Who is more nervous at their début than the debutante, herself? So it seems that China’s rulers place extraordinary weight up on the way that China is perceived both by domestic and foreign audiences. For the next phase of its national “charm offensive,” China is planning on featuring up to 50 of it’s most recognizable celebrities such as in 30-second ads and short films that promote China’s economic, cultural, sports and other achievements to the world at large.
Recently, it has made massive investments in international media to promote a “Chinese point of view” abroad, it successfully leveraged the Olympics and now the Expo as instruments of global PR, and now directly engages foreign audiences by placing pro-China statements from party cadres in major international publications. According to Pew Research, it appears to be paying-off, with increasingly favorable attitudes towards China worldwide.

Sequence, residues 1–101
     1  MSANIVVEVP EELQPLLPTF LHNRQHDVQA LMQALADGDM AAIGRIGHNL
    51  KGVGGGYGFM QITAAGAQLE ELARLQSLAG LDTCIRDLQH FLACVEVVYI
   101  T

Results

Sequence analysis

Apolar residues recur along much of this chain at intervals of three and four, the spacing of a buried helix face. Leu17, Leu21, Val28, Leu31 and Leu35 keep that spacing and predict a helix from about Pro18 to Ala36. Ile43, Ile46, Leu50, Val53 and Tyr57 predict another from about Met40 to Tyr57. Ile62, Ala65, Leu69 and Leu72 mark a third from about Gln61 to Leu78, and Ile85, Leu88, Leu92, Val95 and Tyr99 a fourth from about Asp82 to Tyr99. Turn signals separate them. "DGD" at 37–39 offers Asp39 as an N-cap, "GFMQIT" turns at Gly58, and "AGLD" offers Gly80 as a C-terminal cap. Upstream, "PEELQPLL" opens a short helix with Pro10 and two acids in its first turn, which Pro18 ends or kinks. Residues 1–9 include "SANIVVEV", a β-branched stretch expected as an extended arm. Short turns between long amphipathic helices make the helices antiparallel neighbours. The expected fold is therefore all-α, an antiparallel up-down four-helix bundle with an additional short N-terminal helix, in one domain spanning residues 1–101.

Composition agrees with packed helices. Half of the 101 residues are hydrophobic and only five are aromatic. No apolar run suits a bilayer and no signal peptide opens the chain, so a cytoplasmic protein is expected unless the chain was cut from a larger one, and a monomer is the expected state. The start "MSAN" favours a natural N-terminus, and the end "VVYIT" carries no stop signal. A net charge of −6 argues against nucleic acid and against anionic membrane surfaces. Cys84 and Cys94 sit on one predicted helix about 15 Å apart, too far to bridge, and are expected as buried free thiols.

Now: Celebrities. According to the Associated Press, “The State Council, China’s Cabinet, said the ads will promote an image of prosperity, democracy, openness, peace and harmony.” A few familar faces expected to appear include Yao Ming, John Woo, piano prodigy Lang Langastronaut Yang Liwei and Olympic gold medalist diver Guo Jingjing. This propaganda campaign is intended to counter what China sees as “unfair” reporting by the foreign media on issues such as human rights and Tibet.
Of course, we all know this obsessive “perception management” is not simply about “looking good,” but China’s will to manipulate public perceptions both domestically and internaionally is part of China’s hope to gain greater acceptance and legitimacy abroad. That said, how these ads are perceived abroad may well depend upon their target audience.
Given the wrong audience, it would be all too easy for the ads to be perceived as arrogant and self-servering. However, if presented to members of the more than 125 million strong Chinese diaspora, the ads could be effective.
Written by Oliver Kronos